# Calculating Minimum Mass of Ice to Make an Object Float

• pchalla90
In summary: The equation is set up so that you can plug in the known values (volume of T, density of water, etc.) and solve for M. It may also be helpful to know that ice has a density of approximately 0.92 g/cm^3, as mentioned earlier.
pchalla90
Hi. My physics knowledge is very limited, but I know a decent amount. I would greatly appreciate it if you could explain in as much detail as you can. Thanks.

That said.

Imagine you have a container of water in excess. You have a mass M of ice floating on top of the water. Tied to the ice is a mass T that is more dense than water. Therefore T is submerged and under the surface of the liquid. Assume the string is massless.

What information would you need to be able to figure out the minimum mass of ice (M) you need to make the system (M+T) float? T can be submerged, but it should not pull M down below the surface of the water.

If you have that information, how would you solve it to figure out the mass of M?

Similarly. Is it possible to have a mass of ice (M) such that the system would be in equilibrium, but the ice is completely under the water, but T is not touching the bottom of the container of water? I think this phenomenon is called Natural or Neutral Buoyancy.

Thanks again.

The ice and your heavy mass have to displace an amount of water that is equal to both its own mass and the mass T.

If objects are completely submerged they will displace their own volume of water.

maybe i read it wrong, but it seems as if your two sentences say the same thing, but with different consequences.

The ice and your heavy mass have to displace an amount of water that is equal to both its own mass and the mass T.

If objects are completely submerged they will displace their own volume of water.

I think the first line is the answer to the situation where it will float. If that is the case, it seems to say that if they displace a volume of water that is equal to the sum of both the ice and the dense object, then it will float.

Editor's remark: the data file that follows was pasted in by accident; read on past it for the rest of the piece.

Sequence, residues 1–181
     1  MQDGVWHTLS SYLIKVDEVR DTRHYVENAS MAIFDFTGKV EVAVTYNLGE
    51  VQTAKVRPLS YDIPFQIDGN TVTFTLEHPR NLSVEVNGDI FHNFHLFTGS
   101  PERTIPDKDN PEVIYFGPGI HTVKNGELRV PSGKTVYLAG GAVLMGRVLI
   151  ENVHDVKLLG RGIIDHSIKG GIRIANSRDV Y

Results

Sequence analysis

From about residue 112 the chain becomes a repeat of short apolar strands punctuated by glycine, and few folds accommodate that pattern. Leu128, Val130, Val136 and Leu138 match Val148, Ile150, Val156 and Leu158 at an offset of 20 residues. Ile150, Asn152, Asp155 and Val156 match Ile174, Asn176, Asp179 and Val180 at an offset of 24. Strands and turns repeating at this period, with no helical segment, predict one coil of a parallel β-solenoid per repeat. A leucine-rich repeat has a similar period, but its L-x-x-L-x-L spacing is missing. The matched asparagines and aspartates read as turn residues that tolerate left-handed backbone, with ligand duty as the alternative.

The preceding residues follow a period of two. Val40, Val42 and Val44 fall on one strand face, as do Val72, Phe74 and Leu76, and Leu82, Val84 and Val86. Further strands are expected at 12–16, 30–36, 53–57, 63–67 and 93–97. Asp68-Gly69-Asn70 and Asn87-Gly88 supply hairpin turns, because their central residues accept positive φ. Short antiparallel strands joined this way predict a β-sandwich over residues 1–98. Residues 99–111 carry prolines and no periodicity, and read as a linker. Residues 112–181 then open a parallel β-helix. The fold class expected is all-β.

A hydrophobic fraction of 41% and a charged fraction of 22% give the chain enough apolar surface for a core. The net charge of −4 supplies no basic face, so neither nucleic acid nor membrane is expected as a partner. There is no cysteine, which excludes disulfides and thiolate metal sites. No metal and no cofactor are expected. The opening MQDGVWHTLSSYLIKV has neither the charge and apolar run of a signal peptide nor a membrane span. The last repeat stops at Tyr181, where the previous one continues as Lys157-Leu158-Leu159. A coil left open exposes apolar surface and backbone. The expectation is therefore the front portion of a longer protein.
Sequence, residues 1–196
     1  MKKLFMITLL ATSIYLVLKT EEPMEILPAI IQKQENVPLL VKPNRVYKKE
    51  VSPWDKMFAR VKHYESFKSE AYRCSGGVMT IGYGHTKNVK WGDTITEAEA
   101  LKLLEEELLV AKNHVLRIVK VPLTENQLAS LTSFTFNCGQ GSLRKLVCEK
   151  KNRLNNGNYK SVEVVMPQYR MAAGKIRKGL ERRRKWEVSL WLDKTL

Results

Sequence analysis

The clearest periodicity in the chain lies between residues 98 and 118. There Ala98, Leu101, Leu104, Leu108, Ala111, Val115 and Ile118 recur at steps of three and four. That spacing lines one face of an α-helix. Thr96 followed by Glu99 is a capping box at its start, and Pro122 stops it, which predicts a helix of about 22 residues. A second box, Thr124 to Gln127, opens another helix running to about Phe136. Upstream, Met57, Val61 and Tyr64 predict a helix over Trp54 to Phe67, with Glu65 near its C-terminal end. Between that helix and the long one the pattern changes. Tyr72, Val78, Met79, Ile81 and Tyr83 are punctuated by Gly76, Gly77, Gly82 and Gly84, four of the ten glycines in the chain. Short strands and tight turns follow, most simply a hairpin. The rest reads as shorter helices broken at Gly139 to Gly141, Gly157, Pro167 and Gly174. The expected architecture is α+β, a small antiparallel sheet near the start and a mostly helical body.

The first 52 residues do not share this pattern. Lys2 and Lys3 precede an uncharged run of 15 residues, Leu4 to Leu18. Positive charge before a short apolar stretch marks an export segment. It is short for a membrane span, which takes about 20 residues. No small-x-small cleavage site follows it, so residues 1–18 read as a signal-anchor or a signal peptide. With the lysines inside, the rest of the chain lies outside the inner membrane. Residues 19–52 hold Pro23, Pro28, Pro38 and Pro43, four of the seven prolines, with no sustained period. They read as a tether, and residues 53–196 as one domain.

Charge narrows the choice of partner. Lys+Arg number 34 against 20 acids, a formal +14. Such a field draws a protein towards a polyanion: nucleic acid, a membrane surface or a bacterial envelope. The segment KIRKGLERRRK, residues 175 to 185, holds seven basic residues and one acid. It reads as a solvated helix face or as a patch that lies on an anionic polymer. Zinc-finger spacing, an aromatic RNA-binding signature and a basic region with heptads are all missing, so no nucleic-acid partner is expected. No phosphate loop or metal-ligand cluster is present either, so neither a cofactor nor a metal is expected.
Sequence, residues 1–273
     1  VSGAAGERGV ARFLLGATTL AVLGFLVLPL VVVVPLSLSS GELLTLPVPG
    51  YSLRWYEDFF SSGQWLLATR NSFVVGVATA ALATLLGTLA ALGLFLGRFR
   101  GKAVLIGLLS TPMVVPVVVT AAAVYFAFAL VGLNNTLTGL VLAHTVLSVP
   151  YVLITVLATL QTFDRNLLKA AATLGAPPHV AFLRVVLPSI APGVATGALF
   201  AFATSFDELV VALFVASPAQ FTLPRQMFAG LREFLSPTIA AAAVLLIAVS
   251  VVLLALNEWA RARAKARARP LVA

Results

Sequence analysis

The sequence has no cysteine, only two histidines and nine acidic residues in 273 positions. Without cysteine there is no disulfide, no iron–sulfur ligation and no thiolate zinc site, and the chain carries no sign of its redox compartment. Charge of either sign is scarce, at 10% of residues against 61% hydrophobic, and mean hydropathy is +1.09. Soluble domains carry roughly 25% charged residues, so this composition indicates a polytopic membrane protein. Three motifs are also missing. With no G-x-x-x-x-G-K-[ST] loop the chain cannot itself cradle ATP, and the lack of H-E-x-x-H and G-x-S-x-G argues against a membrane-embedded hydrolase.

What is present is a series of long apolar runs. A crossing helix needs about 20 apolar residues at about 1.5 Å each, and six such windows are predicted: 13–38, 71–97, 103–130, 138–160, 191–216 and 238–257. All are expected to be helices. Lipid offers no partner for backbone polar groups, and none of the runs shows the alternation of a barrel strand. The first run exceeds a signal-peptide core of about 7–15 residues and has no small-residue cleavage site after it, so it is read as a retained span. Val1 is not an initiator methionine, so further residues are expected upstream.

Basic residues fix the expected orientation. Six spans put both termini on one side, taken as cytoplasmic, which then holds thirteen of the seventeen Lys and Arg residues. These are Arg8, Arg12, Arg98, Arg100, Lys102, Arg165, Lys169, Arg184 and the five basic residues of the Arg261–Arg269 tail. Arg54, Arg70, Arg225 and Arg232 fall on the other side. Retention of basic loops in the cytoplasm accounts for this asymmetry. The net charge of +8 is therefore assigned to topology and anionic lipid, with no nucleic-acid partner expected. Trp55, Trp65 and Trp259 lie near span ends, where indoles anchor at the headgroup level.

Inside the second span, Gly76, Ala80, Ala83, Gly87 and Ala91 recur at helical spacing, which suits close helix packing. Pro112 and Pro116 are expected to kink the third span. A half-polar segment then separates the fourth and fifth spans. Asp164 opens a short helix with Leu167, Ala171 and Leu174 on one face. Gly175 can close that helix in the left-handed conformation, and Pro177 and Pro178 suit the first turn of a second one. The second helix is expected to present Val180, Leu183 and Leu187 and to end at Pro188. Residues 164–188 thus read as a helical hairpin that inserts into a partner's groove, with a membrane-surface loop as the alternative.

Then the second line seems to be the answer to the question about neutral buoyancy. This also seems to say that if they displace an amount of water that is equal to the sum of both M and T, then it will be submerged.

I'm confused, but willing to learn.

Can you explain in a little more detail please?

The first line is about mass and the second about volume. But really, they are two parts of the same issue: in a displacement problem like this, the total mass displaced (the two volumes times water's density) is equal to the total mass of the two objects. Do do the calculation, set those two things (four terms actually, two on each side) equal and solve for the volume of the ice cube.

okay. so you need to know the volume of the dense object, the volume of ice, the density of water (assumed to be 1 g/cm^3), and the mass of the dense object.

if we don't have the volume of ice, but we know everything else, how do we do it?

do we just assume that the density of the ice is also 1 and therefore M/D(ice) is the volume of ice?

then the equation would be:

( (M/D(ice))+T(volume) )*D(water)=M+T

solve for M?

if the density of ice was 1g/ccm it would wallow, neither sinking nor floating.

ice has a density around 0.92

i'm sorry. that's what i meant.

pchalla90 said:
then the equation would be:

( (M/D(ice))+T(volume) )*D(water)=M+T

solve for M?
You got it.

## 1. How do you calculate the minimum mass of ice needed to make an object float?

The minimum mass of ice needed to make an object float can be calculated by dividing the density of the object by the density of ice. This will give you the minimum volume of ice needed. Then, multiply the minimum volume by the density of water to get the minimum mass of ice needed.

## 2. What is the density of ice?

The density of ice is approximately 0.917 grams per cubic centimeter.

## 3. How do you determine the density of an object?

The density of an object can be determined by dividing its mass by its volume. The mass can be measured using a scale, while the volume can be calculated by measuring the length, width, and height of the object and multiplying them together.

## 4. Can the minimum mass of ice needed to make an object float vary?

Yes, the minimum mass of ice needed can vary depending on the density of the object and the temperature of the water. The colder the water is, the more dense it becomes, and therefore less ice will be needed to make the object float.

## 5. Why does an object float when placed on a block of ice?

An object floats when placed on a block of ice because the ice displaces an equal amount of water, creating an upward buoyant force on the object. This force is greater than the downward force of gravity, causing the object to float. The minimum mass of ice needed ensures that the ice displaces enough water to create this buoyant force.

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